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Forming Chondrules in Impact Splashes. I. radiative Cooling Model

Dullemond, Cornelis Petrus; Stammler, Sebastian Markus and Johansen, Anders LU (2014) In Astrophysical Journal 794(1).
Abstract
The formation of chondrules is one of the oldest unsolved mysteries in meteoritics and planet formation. Recently an old idea has been revived: the idea that chondrules form as a result of collisions between planetesimals in which the ejected molten material forms small droplets that solidify to become chondrules. Pre-melting of the planetesimals by radioactive decay of Al-26 would help produce sprays of melt even at relatively low impact velocity. In this paper we study the radiative cooling of a ballistically expanding spherical cloud of chondrule droplets ejected from the impact site. We present results from numerical radiative transfer models as well as analytic approximate solutions. We find that the temperature after the start of the... (More)
The formation of chondrules is one of the oldest unsolved mysteries in meteoritics and planet formation. Recently an old idea has been revived: the idea that chondrules form as a result of collisions between planetesimals in which the ejected molten material forms small droplets that solidify to become chondrules. Pre-melting of the planetesimals by radioactive decay of Al-26 would help produce sprays of melt even at relatively low impact velocity. In this paper we study the radiative cooling of a ballistically expanding spherical cloud of chondrule droplets ejected from the impact site. We present results from numerical radiative transfer models as well as analytic approximate solutions. We find that the temperature after the start of the expansion of the cloud remains constant for a time t(cool) and then drops with time t approximately as T similar or equal to T-0[(315)t/t(cool)+ 2/5](-5/3) for t > t(cool). The time at which this temperature drop starts t(cool) depends via an analytical formula on the mass of the cloud, the expansion velocity, and the size of the chondrule. During the early isothermal expansion phase the density is still so high that we expect the vapor of volatile elements to saturate so that no large volatile losses are expected. (Less)
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organization
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type
Contribution to journal
publication status
published
subject
keywords
meteorites, radiative transfer, meteors, meteoroids
in
Astrophysical Journal
volume
794
issue
1
publisher
University of Chicago Press
external identifiers
  • wos:000342581200091
  • scopus:84907573676
ISSN
0004-637X
DOI
10.1888/0004-637X/794/1/91
language
English
LU publication?
yes
id
20ddfb7c-da73-4ab4-a5f5-c0be77f5e833 (old id 4796296)
date added to LUP
2014-11-24 16:38:43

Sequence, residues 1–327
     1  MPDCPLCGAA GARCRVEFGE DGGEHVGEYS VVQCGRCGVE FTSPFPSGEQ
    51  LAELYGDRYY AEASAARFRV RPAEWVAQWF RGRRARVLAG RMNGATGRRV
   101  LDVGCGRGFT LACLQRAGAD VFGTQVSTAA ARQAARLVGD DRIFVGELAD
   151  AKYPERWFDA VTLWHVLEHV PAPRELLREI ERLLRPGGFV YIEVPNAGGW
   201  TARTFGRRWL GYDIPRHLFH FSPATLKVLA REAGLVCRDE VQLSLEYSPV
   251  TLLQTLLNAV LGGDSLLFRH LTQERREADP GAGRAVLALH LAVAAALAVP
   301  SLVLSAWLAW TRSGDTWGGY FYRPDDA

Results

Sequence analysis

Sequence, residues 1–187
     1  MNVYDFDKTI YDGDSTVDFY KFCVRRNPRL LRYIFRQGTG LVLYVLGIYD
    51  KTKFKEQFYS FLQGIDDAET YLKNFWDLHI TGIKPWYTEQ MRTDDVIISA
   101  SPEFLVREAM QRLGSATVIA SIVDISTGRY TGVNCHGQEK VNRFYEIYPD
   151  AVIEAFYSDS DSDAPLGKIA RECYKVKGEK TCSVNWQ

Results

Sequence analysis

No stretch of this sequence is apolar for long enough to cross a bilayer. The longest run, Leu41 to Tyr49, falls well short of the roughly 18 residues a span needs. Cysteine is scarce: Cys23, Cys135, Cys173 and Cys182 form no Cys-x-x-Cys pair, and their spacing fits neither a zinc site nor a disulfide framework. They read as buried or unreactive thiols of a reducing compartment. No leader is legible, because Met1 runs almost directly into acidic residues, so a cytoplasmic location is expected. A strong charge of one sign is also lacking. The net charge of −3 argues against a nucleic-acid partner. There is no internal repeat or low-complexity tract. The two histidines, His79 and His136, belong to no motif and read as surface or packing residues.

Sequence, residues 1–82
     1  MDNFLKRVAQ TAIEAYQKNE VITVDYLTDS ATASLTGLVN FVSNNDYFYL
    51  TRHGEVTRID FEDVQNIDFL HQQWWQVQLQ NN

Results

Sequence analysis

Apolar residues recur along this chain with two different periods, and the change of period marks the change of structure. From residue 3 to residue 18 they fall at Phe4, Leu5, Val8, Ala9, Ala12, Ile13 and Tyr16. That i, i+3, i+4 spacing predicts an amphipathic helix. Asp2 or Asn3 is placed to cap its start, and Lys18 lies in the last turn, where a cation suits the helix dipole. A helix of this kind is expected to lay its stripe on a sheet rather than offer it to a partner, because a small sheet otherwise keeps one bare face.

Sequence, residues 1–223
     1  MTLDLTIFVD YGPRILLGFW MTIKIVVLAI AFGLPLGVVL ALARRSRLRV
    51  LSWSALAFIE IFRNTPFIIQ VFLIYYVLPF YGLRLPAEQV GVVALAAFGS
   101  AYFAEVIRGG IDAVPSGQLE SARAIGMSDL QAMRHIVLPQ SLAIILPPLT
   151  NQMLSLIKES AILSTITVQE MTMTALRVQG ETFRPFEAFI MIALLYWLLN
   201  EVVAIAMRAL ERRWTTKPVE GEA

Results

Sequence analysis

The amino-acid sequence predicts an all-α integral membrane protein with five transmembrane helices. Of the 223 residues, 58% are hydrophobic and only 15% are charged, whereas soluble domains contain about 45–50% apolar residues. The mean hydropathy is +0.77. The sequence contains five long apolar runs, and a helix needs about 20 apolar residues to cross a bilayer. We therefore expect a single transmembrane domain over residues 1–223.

date last changed
2017-10-01 04:31:37
@article{20ddfb7c-da73-4ab4-a5f5-c0be77f5e833,
  abstract     = {The formation of chondrules is one of the oldest unsolved mysteries in meteoritics and planet formation. Recently an old idea has been revived: the idea that chondrules form as a result of collisions between planetesimals in which the ejected molten material forms small droplets that solidify to become chondrules. Pre-melting of the planetesimals by radioactive decay of Al-26 would help produce sprays of melt even at relatively low impact velocity. In this paper we study the radiative cooling of a ballistically expanding spherical cloud of chondrule droplets ejected from the impact site. We present results from numerical radiative transfer models as well as analytic approximate solutions. We find that the temperature after the start of the expansion of the cloud remains constant for a time t(cool) and then drops with time t approximately as T similar or equal to T-0[(315)t/t(cool)+ 2/5](-5/3) for t > t(cool). The time at which this temperature drop starts t(cool) depends via an analytical formula on the mass of the cloud, the expansion velocity, and the size of the chondrule. During the early isothermal expansion phase the density is still so high that we expect the vapor of volatile elements to saturate so that no large volatile losses are expected.},
  articleno    = {91},
  author       = {Dullemond, Cornelis Petrus and Stammler, Sebastian Markus and Johansen, Anders},
  issn         = {0004-637X},
  keyword      = {meteorites,radiative transfer,meteors,meteoroids},
  language     = {eng},
  number       = {1},
  publisher    = {University of Chicago Press},
  series       = {Astrophysical Journal},
  title        = {Forming Chondrules in Impact Splashes. I. radiative Cooling Model},
  url          = {http://dx.doi.org/10.1888/0004-637X/794/1/91},
  volume       = {794},
  year         = {2014},
}